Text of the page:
Project details

Two sisters, best friends but with very different personalities, sought to build a home where they could (sort of) live together as they looked forward to their retirement years. Just as good fences make good neighbours, thoughtful home design makes happy siblings. The architectural result of their closeness is a single volume holding two distinct homes, which ultimately join in a roof garden.

The home is located in a historic working-class neighborhood comprised of small wood-framed homes, frequently clad with simple materials and sited on small, odd-shaped parcels. Accommodating the two homes on this site was akin to mastering a Rubik’s Cube.

One sister sought abundant light-filled spaces where she could entertain friends. That home faces the street, soaking in western light, and has an entryway that is framed by a sculptural stair wall clad with the same red steel as the exterior. This gesture of “welcome” draws guests upwards to the public living area on the top floor where it then flows out to a balcony and invites guests to the roof garden.

The home of the other sister (and her husband) faces a secluded garden. It incorporates a large oculus on the roof to draw light inside while ensuring privacy in a densely populated area. Light filters down four levels through perforated metal stairs. In this home, the further one travels upwards the more private the spaces become; the fourth floor is reserved for a bedroom suite and an intimate seating area with a fireplace.

In the popular imagination, great architecture is about large, showstopping buildings. But architecture can also be significant for its humility or the quality of life it enables. We believe that, with dedication and teamwork, great design can be made affordable to people with middle-class incomes — one sister is a social worker and the other a teacher.

Ageing in Place

These homes champion age-based diversity, a topic often ignored in architecture and urban planning. They allow two older citizens to remain in the community they love despite the gentrification which has displaced many of their generation. It shows that instead of walling off seniors in expensive and schedule-driven residences that rob them of their dignity, retirees can age in place affordably and graciously.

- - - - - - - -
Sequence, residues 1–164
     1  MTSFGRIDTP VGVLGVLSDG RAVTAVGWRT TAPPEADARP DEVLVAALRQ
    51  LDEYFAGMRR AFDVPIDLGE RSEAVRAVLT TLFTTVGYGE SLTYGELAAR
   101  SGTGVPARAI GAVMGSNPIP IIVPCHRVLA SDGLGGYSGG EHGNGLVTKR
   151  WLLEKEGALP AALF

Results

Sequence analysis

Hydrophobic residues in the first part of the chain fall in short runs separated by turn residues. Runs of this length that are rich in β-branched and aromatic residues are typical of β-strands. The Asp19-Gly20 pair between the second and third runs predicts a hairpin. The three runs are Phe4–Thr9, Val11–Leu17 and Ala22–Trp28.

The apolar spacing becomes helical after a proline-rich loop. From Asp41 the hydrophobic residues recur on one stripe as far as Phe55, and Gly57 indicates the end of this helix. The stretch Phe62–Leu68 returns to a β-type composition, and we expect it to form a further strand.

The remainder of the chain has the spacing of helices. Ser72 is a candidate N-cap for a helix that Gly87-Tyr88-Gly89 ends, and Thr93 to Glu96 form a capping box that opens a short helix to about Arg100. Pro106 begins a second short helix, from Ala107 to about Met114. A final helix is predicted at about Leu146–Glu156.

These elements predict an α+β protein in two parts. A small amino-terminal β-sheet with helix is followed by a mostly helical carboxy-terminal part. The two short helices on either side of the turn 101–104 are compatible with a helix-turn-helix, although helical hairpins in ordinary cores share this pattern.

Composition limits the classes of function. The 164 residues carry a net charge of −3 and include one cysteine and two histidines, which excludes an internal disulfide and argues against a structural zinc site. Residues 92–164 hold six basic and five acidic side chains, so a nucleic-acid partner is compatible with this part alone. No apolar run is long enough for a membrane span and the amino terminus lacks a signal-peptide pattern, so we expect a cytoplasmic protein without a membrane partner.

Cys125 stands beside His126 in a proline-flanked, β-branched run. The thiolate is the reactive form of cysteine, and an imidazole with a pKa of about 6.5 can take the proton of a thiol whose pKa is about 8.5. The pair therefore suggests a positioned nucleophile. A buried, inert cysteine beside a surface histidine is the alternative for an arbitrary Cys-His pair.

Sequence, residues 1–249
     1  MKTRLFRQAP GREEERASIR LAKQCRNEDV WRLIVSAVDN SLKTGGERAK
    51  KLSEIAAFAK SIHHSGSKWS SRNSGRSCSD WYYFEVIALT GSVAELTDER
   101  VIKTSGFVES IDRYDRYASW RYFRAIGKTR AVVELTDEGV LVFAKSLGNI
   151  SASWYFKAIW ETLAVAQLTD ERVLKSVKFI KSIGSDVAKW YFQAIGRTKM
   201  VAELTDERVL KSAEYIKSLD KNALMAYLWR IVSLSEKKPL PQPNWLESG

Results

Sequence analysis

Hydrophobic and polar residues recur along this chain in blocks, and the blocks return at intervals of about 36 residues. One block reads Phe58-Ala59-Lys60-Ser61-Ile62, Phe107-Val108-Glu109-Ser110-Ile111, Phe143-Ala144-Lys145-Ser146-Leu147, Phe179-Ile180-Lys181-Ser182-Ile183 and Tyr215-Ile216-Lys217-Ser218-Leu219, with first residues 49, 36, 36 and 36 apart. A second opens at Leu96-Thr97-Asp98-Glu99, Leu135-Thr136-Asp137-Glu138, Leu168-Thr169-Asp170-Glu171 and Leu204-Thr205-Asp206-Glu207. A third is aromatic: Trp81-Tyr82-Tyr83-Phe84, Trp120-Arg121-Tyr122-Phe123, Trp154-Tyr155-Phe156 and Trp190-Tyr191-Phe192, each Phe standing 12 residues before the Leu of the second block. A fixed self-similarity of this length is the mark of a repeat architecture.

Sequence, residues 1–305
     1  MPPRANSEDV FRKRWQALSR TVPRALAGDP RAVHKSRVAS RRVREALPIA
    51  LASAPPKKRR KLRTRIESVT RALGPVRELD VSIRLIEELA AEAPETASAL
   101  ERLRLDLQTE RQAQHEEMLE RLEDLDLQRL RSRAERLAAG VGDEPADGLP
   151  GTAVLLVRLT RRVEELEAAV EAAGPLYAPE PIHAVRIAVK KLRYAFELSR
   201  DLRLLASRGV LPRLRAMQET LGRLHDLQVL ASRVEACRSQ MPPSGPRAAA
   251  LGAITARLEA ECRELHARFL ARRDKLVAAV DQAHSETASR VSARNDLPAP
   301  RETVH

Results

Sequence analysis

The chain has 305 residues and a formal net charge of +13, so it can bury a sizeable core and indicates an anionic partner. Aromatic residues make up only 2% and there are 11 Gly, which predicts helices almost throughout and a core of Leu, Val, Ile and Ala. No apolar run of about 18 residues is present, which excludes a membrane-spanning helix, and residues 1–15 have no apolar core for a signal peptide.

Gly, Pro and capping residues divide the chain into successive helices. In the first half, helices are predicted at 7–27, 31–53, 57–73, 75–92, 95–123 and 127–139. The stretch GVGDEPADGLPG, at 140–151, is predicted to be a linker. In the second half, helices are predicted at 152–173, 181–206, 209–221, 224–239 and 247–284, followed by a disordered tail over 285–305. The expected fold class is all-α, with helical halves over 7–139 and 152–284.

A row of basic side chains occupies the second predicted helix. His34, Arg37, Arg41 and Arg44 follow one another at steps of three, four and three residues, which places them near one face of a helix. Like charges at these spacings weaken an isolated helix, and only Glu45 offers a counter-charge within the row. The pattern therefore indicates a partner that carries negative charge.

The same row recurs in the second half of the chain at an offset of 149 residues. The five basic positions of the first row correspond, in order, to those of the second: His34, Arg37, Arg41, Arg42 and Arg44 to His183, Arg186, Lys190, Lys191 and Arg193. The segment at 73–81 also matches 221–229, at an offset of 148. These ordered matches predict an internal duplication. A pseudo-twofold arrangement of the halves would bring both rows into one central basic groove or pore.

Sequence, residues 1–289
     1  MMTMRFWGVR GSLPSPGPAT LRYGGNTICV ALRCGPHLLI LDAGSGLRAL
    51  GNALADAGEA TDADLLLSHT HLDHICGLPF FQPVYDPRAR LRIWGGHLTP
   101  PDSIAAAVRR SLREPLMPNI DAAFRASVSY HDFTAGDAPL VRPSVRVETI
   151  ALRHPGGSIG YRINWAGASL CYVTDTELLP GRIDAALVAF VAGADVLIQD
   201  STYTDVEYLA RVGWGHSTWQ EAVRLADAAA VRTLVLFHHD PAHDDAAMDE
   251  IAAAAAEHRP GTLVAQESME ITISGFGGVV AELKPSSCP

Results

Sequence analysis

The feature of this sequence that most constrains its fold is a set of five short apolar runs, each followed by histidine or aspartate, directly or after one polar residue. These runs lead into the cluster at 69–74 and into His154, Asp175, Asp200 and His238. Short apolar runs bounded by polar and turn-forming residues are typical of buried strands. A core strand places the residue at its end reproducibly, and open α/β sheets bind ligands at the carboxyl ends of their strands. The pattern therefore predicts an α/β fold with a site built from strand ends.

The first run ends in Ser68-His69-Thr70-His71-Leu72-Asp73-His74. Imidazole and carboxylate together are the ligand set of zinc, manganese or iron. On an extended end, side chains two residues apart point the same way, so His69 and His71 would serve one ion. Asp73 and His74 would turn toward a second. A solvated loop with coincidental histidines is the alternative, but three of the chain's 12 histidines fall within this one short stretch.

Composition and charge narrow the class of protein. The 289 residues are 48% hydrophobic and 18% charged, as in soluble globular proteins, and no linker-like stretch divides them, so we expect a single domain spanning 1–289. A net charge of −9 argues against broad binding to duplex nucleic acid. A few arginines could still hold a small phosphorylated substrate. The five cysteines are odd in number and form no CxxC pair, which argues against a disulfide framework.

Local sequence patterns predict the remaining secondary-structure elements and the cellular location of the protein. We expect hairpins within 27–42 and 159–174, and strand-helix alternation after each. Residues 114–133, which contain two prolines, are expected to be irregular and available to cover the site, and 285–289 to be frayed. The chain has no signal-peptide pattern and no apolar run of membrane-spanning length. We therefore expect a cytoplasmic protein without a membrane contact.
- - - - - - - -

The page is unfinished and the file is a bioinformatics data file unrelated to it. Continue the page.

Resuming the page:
To accommodate the residents’ inevitably changing physical abilities, each home is equipped with an elevator that joins upper-level living areas with lower-level suites for potential live-in caretakers.

Elephant at sunset
The original site during demolition, with the owners-to-be standing in front.


Because it has two homes on one tiny lot, the project increases urban density instead of contributing to urban sprawl, avoiding the destruction of natural habitat. This location also eliminates the need for cars, as the sisters can shop for groceries and socialize in their neighbourhood.

The homes are also more sustainable because they embrace the concept of “living small”, providing a comfortable, practical living space through good design. Smaller buildings use fewer materials in construction and less energy to heat and cool, and result in fewer CO2 emissions throughout their lifespans.

While the project’s budget didn’t allow for the most energy-efficient heating and mechanical systems, passive cooling is used in both units. The continuous vertical cuts within each home, holding the open stairs, operate as heat chimneys to draw fresh cool air in from below and warm air out through the roof-level doors and skylights. This reduces or eliminates the need for air conditioning.

The stairwells are also flooded with light (either from an oculus or numerous windows) and are designed to enable natural light to reach each home’s interior, reducing the need for artificial lighting.

Another approach to sustainability was to increase the homes’ lifespan through the use of quality materials and construction. For example, the highly durable steel shingles not only secure the building envelope but should last for centuries. If the building is ever torn down, these shingles could be reused or recycled.


Ottawa, Ontario



Floor Plans and Drawings

In the media

All Things Home – Sorelle House
Archello – Sorelle House
Architizer – Sorelle house